Magnitude and frequency of flooding on the Myakka River, Southwest Florida

Water-Resources Investigations Report 78-65

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Increasing numbers of urban and agricultural developments are being located on waterfront property in the Myakka River flood plain in southwest Florida. Under natural conditions, a large depression, Tatum Sawgrass, was available as a flood storage area in the upper Myakka River basin. Construction of dikes across the lower part of Tatum Sawgrass has restricted use of the depression for temporary storage of Myakka River flood water overflow, and has resulted in increased flood-peak discharges and flood heights in downstream reaches of the Myakka River. The difference between natural and diked condition flood-peak discharges and flood heights is presented to illustrate the effects of the dikes. Flood-peak discharges, water-surface elevations and flood profiles also are provided for diked conditions. Analytical procedures used to evaluate diking effects are described in detail. The study reach includes Myakka River main stem upstream from U.S. Highway 41, near Myakka Shores in Sarasota County, to State Road 70 near Myakka City in Manatee County (including Tatum Sawgrass and Clay Gully), and Blackburn Canal from Venice By-Way to Myakka River. (Woodard-USGS)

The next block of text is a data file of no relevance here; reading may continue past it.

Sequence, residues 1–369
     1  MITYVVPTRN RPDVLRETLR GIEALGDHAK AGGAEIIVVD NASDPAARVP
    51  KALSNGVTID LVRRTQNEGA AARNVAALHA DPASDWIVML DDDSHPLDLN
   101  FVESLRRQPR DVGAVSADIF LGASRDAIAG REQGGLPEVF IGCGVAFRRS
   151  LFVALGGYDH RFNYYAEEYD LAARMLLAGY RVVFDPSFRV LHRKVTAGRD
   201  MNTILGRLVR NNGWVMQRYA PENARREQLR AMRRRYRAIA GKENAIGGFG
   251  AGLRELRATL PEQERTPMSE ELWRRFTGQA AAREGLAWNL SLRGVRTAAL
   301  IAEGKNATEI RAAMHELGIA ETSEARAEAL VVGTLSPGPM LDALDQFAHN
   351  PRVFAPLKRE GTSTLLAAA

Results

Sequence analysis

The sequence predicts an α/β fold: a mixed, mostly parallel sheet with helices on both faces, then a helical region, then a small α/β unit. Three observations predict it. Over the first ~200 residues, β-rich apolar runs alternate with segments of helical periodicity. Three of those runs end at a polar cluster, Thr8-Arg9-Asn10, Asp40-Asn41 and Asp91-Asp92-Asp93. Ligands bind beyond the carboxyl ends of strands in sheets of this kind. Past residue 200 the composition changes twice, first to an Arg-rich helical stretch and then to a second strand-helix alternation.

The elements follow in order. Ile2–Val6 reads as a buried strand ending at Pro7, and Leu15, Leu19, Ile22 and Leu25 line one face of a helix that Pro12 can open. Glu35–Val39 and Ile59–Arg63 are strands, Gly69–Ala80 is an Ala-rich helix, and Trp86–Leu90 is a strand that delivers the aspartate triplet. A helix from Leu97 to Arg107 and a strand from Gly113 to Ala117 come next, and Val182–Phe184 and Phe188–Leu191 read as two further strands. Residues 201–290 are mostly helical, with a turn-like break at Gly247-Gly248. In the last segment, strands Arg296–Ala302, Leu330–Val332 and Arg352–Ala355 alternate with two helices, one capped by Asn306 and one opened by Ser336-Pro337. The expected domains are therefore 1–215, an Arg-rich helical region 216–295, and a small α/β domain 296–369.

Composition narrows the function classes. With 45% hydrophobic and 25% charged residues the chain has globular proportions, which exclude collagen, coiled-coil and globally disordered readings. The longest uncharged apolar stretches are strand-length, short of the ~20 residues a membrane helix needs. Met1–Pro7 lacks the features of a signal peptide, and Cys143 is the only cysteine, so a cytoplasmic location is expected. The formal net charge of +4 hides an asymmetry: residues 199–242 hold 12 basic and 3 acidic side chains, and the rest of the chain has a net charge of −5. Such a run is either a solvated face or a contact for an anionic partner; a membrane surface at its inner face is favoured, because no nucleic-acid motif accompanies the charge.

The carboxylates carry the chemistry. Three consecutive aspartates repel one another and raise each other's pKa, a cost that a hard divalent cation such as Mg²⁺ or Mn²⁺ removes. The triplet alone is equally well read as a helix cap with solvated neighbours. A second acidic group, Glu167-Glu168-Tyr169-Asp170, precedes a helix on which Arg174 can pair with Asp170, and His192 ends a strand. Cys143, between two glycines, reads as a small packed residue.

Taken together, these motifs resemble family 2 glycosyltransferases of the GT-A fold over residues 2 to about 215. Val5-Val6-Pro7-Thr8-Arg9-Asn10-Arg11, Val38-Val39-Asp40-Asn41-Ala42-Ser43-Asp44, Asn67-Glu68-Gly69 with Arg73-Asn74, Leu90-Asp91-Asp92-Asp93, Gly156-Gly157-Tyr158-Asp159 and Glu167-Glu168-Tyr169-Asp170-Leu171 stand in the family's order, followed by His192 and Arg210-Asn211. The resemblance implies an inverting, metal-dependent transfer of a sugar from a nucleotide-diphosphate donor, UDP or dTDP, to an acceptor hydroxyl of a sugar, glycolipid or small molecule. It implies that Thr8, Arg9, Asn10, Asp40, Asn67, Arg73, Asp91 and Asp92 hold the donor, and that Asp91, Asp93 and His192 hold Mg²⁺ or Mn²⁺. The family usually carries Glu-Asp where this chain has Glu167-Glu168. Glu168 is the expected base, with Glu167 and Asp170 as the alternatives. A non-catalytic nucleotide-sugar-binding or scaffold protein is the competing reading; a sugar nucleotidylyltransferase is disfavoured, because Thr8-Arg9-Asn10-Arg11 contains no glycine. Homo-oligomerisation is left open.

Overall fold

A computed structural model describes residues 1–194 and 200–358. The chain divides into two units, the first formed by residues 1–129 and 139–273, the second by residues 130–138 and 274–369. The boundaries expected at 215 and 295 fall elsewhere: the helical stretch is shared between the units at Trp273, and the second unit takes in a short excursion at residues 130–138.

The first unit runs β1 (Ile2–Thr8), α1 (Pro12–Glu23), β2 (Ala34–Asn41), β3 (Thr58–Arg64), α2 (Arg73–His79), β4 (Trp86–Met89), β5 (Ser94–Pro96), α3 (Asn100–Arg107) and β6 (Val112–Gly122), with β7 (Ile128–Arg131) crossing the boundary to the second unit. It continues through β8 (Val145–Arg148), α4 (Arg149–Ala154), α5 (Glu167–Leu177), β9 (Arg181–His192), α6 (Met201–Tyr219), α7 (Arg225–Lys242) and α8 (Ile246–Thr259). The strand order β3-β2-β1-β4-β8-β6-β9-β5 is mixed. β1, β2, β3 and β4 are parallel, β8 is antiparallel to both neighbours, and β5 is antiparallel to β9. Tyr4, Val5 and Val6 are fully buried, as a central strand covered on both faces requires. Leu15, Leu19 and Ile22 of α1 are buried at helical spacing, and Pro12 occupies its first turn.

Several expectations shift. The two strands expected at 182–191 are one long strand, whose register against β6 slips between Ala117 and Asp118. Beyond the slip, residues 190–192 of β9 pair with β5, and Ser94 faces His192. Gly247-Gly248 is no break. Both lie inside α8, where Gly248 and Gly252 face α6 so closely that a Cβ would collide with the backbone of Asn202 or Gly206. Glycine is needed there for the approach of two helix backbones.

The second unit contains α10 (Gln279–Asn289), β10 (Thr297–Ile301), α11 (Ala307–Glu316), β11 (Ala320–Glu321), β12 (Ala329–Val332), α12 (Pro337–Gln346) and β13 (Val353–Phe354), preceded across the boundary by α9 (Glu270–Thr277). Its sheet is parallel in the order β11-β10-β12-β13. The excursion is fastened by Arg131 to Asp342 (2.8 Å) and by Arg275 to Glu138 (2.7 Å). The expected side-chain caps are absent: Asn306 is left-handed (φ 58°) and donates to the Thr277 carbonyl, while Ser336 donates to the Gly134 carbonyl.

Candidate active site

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USGS Numbered Series
Magnitude and frequency of flooding on the Myakka River, Southwest Florida
Series title:
Water-Resources Investigations Report
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U.S. Geological Survey,
vii, 40 p. :ill., maps (1 fold. in pocket) ;26 cm. --